General Prevention

You can minimize the number of bugs introduced into your BizTalk solution through rigorous development practices, strong coding practices, early and frequent testing, repeatable deployment, and a well-defined source code control process. It is better to prevent bugs early in the development process than to troubleshoot a solution in production.

There are many different preventative measures you can take when developing your application. Many of the measures involve seemingly minor details like naming conventions and project organization; however, these details can have a huge impact on productivity and your ability to enhance and debug an application as it evolves.

Application Development Best Practices

By following these best practices you can minimize the number of errors introduced into your BizTalk application:

  • Follow a consistent rule for naming namespaces. Unless your company has different guidelines, follow the general rule of using company name followed by technology name followed by feature name and optionally the design (Company.TechnologyName.Feature.Design). You may choose to omit the technology name for brevity in your BizTalk solutions. For more guidelines on naming namespaces, see Namespace Naming Guidelines.
  • Create a standard for new XML target namespaces. Consistency across namespaces is important, so choose a standard that is clear, concise, and therefore easy to follow. One possibility is to use organization name and artifact name and optionally a version name and direction name (inbound, outbound).
  • Use project and assembly names that match the associated namespace. This provides consistency and can make deployment and maintenance easier because assemblies are readily identifiable. Exceptions can be made for shared projects and custom assemblies that can use a non-project-specific name.
  • Adopt naming conventions for orchestrations, messaging, ports, and other BizTalk artifacts. There are many different conventions available; you should choose the one that best conveys what an artifact is trying to accomplish, represents, or contains. For example, naming map files using the template <SourceSchema>_To_<DestinationSchema>.btm enables the user to quickly identify the transform performed by the map. For more details on artifact naming, see Developing Integration Solutions with BizTalk Server 2004.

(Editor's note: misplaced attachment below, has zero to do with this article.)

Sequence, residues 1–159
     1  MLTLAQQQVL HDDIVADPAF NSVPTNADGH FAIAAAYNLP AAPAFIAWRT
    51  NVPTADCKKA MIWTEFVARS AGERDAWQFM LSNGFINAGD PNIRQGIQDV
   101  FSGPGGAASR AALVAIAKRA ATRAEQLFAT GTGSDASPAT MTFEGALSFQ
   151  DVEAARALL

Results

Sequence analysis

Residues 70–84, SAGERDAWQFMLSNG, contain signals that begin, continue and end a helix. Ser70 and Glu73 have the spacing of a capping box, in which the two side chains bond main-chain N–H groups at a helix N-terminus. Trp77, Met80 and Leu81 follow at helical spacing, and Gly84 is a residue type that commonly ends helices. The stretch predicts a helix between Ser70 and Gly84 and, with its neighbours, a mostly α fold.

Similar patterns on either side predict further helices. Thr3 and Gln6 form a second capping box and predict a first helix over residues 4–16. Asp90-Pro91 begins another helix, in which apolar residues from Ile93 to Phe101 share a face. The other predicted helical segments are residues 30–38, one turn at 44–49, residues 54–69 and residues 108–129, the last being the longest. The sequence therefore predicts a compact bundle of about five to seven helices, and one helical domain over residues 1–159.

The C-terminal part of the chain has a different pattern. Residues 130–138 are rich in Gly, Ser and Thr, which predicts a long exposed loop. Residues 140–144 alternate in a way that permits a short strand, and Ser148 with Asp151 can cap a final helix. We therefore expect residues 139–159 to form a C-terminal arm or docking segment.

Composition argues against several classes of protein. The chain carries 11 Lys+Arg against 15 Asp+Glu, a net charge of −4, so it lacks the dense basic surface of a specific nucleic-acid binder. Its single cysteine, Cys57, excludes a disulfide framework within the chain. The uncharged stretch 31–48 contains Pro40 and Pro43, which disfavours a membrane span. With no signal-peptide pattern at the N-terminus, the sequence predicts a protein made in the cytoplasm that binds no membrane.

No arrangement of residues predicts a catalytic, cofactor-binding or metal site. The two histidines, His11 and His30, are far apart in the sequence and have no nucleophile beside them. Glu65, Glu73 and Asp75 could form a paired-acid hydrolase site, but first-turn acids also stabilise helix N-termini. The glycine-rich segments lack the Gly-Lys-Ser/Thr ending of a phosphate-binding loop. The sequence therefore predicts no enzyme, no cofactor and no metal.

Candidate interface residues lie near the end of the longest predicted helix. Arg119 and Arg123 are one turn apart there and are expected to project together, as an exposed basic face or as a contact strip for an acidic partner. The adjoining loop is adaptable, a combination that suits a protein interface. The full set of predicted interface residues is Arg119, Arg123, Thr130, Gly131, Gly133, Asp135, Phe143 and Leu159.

• Develop custom Visual Studio project templates for often-used configurations. If your team relies on the same configuration for each new project, you can package the configuration as a Visual Studio project template and ensure the basic configuration is consistent for all team members. For more information about project templates, see the MSDN® article Create Reusable Project and Item Templates For Your Development Team.
  • Consider creating secondary message pick-up locations for testing and error recovery. As you build your orchestrations and other artifacts, consider creating an alternative message pick-up location for processes that could fail.
  • Minimize the size of your BizTalk project. The Visual Studio compiler will not successfully compile a project if it would result in an assembly larger than 75 megabytes. When the compiler reaches a size constraint it will emit fatal error CS0013 "Unexpected error writing metadata to file <filename>" and halt.
  • Avoid using the project name as a map type name. When adding a new map to a BizTalk project in Visual Studio 2005, do not use the project name as the type name. If you do, the compiler will generate one or more errors similar to "The type name <name>' does not exist in the type".
  • Avoid using keywords or namespace names as orchestration types. Do not use reserved words like "string" for orchestration (or any other) type name; doing so will result in one or more compilation errors.

Other Resources

The following resources may be useful when developing your application:

  • Visual Studio Templates in the Visual Studio documentation. This page provides links to topics on using existing templates and creating new templates.
  • Developing Integration Solutions with BizTalk Server 2004 by Angus Foreman and Andy Nash. While written for BizTalk Server 2004, much of the information contained in this technical article can be applied to BizTalk Server 2006 development including naming conventions, deployment scenarios, and testing information.

When you are writing custom code, your ability to extend and troubleshoot your custom components will be greatly affected by how the code is written, commented, tested, and versioned. This section contains important best practices and resources for minimizing the defects in your code.

Custom Coding Best Practices

The following best practices may help you develop more maintainable, reliable, and extensible code for your BizTalk application:

  • Provide purposeful, relevant comments. Use whatever commenting features your language offers to write purposeful comments that are relevant to the code. Always concisely document algorithms, general method flow, and all conditional and loop statements.